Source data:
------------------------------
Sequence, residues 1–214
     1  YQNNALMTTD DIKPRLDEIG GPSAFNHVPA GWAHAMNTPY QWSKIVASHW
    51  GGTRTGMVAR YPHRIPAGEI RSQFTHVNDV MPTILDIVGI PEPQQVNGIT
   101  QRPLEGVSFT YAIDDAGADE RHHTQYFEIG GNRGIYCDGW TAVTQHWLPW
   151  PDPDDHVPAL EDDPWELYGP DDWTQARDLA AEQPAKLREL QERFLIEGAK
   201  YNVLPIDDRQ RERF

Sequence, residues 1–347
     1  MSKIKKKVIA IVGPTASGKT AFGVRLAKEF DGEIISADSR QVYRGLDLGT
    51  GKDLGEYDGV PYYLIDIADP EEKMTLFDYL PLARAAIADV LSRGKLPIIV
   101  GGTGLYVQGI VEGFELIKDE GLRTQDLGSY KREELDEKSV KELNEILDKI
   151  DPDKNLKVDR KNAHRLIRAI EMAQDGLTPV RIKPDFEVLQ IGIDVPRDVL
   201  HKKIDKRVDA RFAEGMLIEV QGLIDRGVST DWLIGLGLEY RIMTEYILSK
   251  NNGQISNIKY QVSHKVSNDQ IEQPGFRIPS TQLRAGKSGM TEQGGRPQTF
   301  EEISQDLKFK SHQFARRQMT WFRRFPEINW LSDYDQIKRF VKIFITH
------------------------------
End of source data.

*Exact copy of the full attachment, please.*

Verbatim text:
Sequence, residues 1–214
     1  YQNNALMTTD DIKPRLDEIG GPSAFNHVPA GWAHAMNTPY QWSKIVASHW
    51  GGTRTGMVAR YPHRIPAGEI RSQFTHVNDV MPTILDIVGI PEPQQVNGIT
   101  QRPLEGVSFT YAIDDAGADE RHHTQYFEIG GNRGIYCDGW TAVTQHWLPW
   151  PDPDDHVPAL EDDPWELYGP DDWTQARDLA AEQPAKLREL QERFLIEGAK
   201  YNVLPIDDRQ RERF

Sequence, residues 1–347
     1  MSKIKKKVIA IVGPTASGKT AFGVRLAKEF DGEIISADSR QVYRGLDLGT
    51  GKDLGEYDGV PYYLIDIADP EEKMTLFDYL PLARAAIADV LSRGKLPIIV
   101  GGTGLYVQGI VEGFELIKDE GLRTQDLGSY KREELDEKSV KELNEILDKI
   151  DPDKNLKVDR KNAHRLIRAI EMAQDGLTPV RIKPDFEVLQ IGIDVPRDVL
   201  HKKIDKRVDA RFAEGMLIEV QGLIDRGVST DWLIGLGLEY RIMTEYILSK
   251  NNGQISNIKY QVSHKVSNDQ IEQPGFRIPS TQLRAGKSGM TEQGGRPQTF
   301  EEISQDLKFK SHQFARRQMT WFRRFPEINW LSDYDQIKRF VKIFITH